Knowing the costs of doing business is step two of learning how to quote a price to someone when they ask you, “How much do you charge?”
In step one, you should have devised an annual figure for your living expenses in step one. For example, if you live in a gated community and drive a premium vehicle, you can see that what you have to charge to pay your bills will impact your prices for your clients.
The other extreme I often encounter when teaching folks how to figure their prices is if they are in college or live at home. If they use their actual expenses for their annual salary, they will have to live with Mommy and Daddy for the rest of their lives. If you are one of these folks, then take some time and research what it would cost you to be alone. A few things will significantly change for those under 25 if they are alone and not with their parents.
- Housing costs
- Car Insurance
- Health Insurance
These three items will be much more expensive if you do this alone.
I suggest going to the NPPA website and plugging in your figures. However, there is a better reason to go to the website than just using it as a calculator. Beside each item, there is an i-button. You have to be a member these days to access this calculator.
- Internet Connection
- Auto expenses
Adjust your home budget.
You will need to revisit your “Annual Salary” and most likely realize you can now take home less for your home budget because some of this shifted to your “Business Expenses.” Revisiting your budget items will slightly affect the rates that you must charge.
A little guessing
Determining the average job or assignment you will do with your business would be best. I found this difficult, but you can change this later if needed. It is the most challenging thing to approximate for several reasons. For example, I might do some photo shoots in a year.
- College Recruiting
- Corporate events
- NGO editorial coverage
- Magazine features
- News coverage for wire service
The prices for each of these are different for various reasons. First, they don’t all take the same amount of time. But, more importantly, I am an expert in some of these, and my competitors cannot compete head-to-head with me with all my clients.
The basic idea is that once you have figured out how many of these assignments you will do a year, you will guess what an average job entails. Next, take the same list and indicate how many you will do in a year. Besides that, how long does it take you, on average, to complete the work?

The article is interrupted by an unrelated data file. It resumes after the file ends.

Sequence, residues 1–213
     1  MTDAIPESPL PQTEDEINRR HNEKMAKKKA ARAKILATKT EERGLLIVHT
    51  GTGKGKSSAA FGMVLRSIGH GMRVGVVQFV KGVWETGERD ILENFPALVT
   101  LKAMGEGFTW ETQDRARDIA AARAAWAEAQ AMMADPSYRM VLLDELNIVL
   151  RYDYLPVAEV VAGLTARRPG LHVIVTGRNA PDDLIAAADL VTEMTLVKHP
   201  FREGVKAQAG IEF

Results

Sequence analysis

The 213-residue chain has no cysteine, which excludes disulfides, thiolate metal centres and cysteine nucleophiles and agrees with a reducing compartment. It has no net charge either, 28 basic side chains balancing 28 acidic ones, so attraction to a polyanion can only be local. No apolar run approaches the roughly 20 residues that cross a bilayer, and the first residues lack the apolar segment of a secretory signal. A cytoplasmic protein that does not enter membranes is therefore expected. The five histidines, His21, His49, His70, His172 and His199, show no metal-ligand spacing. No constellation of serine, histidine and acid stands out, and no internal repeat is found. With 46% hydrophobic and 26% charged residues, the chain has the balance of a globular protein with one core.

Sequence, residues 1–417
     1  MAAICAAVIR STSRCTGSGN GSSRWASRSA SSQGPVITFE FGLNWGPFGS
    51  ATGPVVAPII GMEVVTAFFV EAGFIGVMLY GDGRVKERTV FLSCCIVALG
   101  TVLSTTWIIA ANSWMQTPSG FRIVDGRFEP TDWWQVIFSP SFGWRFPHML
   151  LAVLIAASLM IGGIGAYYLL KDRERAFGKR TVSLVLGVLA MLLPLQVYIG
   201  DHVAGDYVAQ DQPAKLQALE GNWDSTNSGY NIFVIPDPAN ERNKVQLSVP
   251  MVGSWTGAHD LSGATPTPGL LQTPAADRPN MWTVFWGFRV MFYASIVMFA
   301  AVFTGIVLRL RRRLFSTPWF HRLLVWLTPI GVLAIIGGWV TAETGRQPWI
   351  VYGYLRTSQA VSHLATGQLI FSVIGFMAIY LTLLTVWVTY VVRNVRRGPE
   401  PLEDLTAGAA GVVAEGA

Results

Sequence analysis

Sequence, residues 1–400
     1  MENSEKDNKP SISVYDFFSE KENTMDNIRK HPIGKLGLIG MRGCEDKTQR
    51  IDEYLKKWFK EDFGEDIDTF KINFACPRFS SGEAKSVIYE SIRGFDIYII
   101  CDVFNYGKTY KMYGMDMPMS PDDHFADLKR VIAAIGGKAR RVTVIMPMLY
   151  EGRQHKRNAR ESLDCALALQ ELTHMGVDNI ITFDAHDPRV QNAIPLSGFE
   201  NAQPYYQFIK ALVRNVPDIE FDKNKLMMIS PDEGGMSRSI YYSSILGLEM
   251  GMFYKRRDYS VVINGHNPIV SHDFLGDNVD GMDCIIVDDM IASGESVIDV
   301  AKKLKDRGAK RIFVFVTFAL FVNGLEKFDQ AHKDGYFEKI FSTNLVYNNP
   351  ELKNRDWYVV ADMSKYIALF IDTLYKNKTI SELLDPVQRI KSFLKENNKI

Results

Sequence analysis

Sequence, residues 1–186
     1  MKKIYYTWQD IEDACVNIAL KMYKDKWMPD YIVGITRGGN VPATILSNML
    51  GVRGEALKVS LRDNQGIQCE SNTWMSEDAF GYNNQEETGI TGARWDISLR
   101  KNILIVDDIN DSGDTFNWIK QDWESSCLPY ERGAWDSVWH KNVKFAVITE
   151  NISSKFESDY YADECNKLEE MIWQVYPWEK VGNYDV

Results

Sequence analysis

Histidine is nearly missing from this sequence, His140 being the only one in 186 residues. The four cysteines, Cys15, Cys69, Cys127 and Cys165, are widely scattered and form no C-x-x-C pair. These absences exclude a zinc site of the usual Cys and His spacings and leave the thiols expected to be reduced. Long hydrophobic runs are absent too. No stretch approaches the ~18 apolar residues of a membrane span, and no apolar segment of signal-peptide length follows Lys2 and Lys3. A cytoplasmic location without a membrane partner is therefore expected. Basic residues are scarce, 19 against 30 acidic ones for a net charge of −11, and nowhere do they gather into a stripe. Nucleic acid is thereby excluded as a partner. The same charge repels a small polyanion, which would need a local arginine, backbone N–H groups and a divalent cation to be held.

- Headshots (100) x [2 hours] = 200
- College recruiting (15) x [20 hours] = 300
- Corporate events (12) x [20 hours] = 240
- NGO editorial coverage (10) x [30 hours] = 300
- Magazine features (15) x [8 hours] = 120
- News coverage for wire service (20) x [3 hours] = 60
Total “billable” hours a year of 1220 divided by 8 hours a day gives you 152.5 days of “billable” time.
Now, this is a figure when you are starting maybe 30 days that you can find work in a year.
You will need to assume that you either 1) have saved enough money to offset your lack of jobs until you get enough jobs or 2) have another job.
A successful photographer will likely have around 100 “billable days” of work in a year.
Using the 152.5 days of work a year will give you a $ 589.18-day rate if you use the default numbers in the NPPA calculator–DON’T DO THIS–use your numbers. For illustration, this would give you a $73.65 per “AVERAGE” hour rate that you “MUST” charge at the minimum, or your business model will be upside down.
I say average because, on some jobs, you can charge more since you might have little or no competition or the going rates in the market allow for a higher rate.
Don’t Quote Hourly Rates
This exercise is to help you know your costs, not to give you the rate to quote.
Combine it all
Now that you know your “Cost of doing business,” you will combine this with actual expenses associated with a job. Here are some of those expenses you will add to your base:
- Travel Expenses
- Prints/CDs/Online Fees
- Shipping Costs
- Photo assistants
- Makeup artists
- Food costs (snacks for day-long shoots, for example)
These expenses are not an exhaustive list, but this will go on top of your $589.18 if it is a day-long shoot.
I discussed how to calculate these earlier, and this will go on top of the $589.18 plus expenses that will give you some idea of what to quote.
While you have everything to quote a job and are ready, some things are negotiable. For example, if a client gives you 50 copies of the coffee table book you did for their organization, you could trade this out for a lower price because you can now offset some advertising costs. You can then give these books to potential customers, helping you land a new client.
I know some photographers who trade out the retail value of their services, say with a restaurant. They give them $2,000 worth of photography for $2,000 worth of food. It is a win-win because the business costs maybe $1,000 for the photographer and only $1,000 for the restaurant. The photographer takes potential clients out for dinner at the fine dining restaurant, and it helps them seal the deal. The photographer just saved $1,000 in expenses for overhead.
If you know these figures, you will feel confident that you can pay your bills doing the job when quoting prices. You also will feel that you did the right thing when they offer you less than your rates for a job and you turn them down. Finally, once you have the numbers, you can still be creative to develop solutions that make you the right fit for a job.